Changes and chances are easily confused words.
The spell-check application of most word processing software programs would not catch a slip-up of these two words. Spell-check is looking for words that aren’t in its dictionary, and words that resemble words in its dictionary but are possibly spelled wrong. Spell-check isn’t perfect. It doesn’t know and can’t guess what word you wanted or what word you meant, it can only judge the words on the page. If you used words that are all spelled correctly, it gives you a pass anyway.
Autocorrect suggests words that start with the same letters. It’s suggesting what word you may want to save time, but quite often, its suggestions are pretty off base. They don’t help you out, but they do make you laugh.
Changes has multiple forms.
- As a verb, it is used with pronouns he, she, and it. It means alterations or effects made by a person or thing to their environment or timeframe. She changes clothes at the gym, He changes his mind about joining friends for lunch.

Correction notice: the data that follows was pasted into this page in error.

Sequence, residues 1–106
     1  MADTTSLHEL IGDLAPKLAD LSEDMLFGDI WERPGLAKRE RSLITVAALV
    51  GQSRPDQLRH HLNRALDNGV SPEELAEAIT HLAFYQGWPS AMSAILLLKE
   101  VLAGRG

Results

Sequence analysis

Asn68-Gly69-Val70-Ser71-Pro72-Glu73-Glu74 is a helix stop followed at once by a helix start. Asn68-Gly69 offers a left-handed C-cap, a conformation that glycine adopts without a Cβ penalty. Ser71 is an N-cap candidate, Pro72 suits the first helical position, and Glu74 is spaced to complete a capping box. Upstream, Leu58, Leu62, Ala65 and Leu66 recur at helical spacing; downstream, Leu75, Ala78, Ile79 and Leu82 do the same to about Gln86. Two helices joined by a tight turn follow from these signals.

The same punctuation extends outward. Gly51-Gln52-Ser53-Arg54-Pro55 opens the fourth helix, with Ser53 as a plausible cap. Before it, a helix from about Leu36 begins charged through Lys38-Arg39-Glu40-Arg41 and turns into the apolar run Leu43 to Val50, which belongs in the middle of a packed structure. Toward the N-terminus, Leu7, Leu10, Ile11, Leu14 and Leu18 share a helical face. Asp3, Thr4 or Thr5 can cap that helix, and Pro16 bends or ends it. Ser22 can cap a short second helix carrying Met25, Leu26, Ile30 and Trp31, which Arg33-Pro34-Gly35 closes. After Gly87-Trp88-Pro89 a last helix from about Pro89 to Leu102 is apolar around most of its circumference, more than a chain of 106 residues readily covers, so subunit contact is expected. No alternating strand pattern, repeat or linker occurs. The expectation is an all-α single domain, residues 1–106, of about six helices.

- As a plural noun, it means the effects or alterations made. My editor liked my article, but made some changes I need to review.
Chances is a plural noun. It means another word for risk, or an opportunity where the outcomes could be good or bad. The outcomes could affect the risktaker’s reputation or financial status for good or evil. Crossing the street during a green light is taking chances with your life. Gambling means taking chances with your money.
The following story uses both words correctly:
Chan was reluctant to make changes her future plans. She had had it all figured out at 13. But junior year, her mom got sick. Suddenly, it was clear her parents couldn’t afford to send her to college. She would have to try her chances in the job market instead.